My childhood memories of travelling with my parents include lots of map reading. I’m pretty sure it’s how they got around my “are we nearly there yet?” questions. They dealt with this by giving me the map and getting me to spot the route and check off the places we were passing through. Pre-tech it passed the time and I learnt a good skill in the process.
It meant that when I was 17 I was able to drive across France on my own to meet them, no problem at all. There was no google shouting directions out to me back then and I made it without a single wrong turn. I think that says quite a lot about how distracting children and partners are in the car – as I’ve made countless wrong turns on trips since then!
Millennials and maps
Millions of millennials have NEVER read a paper map, it has emerged. Researchers who carried out a detailed study found a decade of ground-breaking tech innovation has all but ended traditional map-reading among the 23 to 38 age group.
The results show millennials use their mobile phone map on average five times a month – or at least once a week. Six in 10 admitted they always ‘rely’ on their mobile map when going somewhere new. This is exactly what I do these days.
In day-to-day life, more than one quarter of under-39s find themselves ‘very reliant’ on digital maps, showing how much they have grown dependent on technology. In contrast, those aged 39 and above only seek help from their mobile phone map twice a month.
More than two thirds put this down to digital maps being more accessible while half believe younger generations are not being taught how to read maps as ‘everyone relies on technology today’. A further 53 per cent of millennials admitted they would ‘struggle’ to find their way somewhere without their mobile phone. Is that how you feel?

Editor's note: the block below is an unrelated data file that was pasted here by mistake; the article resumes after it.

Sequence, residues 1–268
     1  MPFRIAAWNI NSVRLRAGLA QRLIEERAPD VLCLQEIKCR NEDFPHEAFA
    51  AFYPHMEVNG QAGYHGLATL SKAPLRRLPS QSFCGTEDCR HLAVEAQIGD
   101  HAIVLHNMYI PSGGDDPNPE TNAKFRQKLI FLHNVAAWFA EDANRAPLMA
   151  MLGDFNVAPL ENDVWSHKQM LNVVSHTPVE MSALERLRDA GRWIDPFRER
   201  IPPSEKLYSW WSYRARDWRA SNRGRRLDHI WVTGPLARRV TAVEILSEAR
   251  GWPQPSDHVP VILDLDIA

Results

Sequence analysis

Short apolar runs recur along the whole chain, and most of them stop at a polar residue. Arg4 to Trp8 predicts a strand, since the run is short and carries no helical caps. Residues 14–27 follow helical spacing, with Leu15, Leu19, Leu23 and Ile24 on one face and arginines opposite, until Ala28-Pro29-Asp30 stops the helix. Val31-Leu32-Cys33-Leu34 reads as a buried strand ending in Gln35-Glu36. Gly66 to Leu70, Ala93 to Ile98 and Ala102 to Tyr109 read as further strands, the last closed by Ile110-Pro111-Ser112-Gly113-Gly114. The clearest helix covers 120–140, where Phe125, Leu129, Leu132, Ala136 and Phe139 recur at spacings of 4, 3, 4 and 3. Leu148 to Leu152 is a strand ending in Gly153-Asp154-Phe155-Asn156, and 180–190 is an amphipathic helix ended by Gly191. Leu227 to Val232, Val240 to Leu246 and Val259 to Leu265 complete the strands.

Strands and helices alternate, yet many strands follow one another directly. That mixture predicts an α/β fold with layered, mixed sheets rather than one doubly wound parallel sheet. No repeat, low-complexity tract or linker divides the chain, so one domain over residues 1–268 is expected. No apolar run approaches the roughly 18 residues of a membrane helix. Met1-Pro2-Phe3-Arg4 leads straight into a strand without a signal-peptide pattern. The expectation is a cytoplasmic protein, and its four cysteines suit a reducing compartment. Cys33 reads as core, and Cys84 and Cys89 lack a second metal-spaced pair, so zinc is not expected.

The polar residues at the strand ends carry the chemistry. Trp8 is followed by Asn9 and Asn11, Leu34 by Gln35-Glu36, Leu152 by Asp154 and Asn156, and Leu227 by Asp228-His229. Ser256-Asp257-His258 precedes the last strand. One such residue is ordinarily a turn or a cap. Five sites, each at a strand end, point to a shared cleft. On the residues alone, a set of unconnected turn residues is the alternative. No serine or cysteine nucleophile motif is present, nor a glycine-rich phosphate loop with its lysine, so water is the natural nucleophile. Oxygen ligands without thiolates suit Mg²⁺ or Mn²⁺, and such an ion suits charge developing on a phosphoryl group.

Overall 15 per cent of millennials said they had never read an old-style paper map! The study, commissioned by Ordnance Survey, in line with National Map Reading Week, also found only 18 per cent of millennials feel ‘very confident’ using a paper map, compared to 44 per cent of the over 38s.
National Map Reading Week aims to encourage people to understand the importance of map reading, whether paper or digital, to help them stay safe when exploring Great Britain.
The research, of 1,000 millennials and 1,000 adults aged 39 and above, also found that the younger generation would like to see coffee shops, bars and free attractions added to traditional maps. Also, one quarter of all of those polled would like to see cash points and free parking spaces added.
According to six in 10 over 38s, map reading is a skill people should have and 41 per cent of them ‘worry’ that people are growing up without basic navigational skills. However, this isn’t a worry to seven in 10 millennials – but one in five admitted they wish they were better at reading maps.
Younger Brits also use technology to give directions – one in 10 said they would show someone a map or an image on their phone in order to help, while over 39s opt for using street names. Despite their love for digital maps, three in 10 have got lost or gone in the wrong direction when using one, according to the OnePoll study.
How many times have you got lost using a digital map? Personally, I’ve lost count!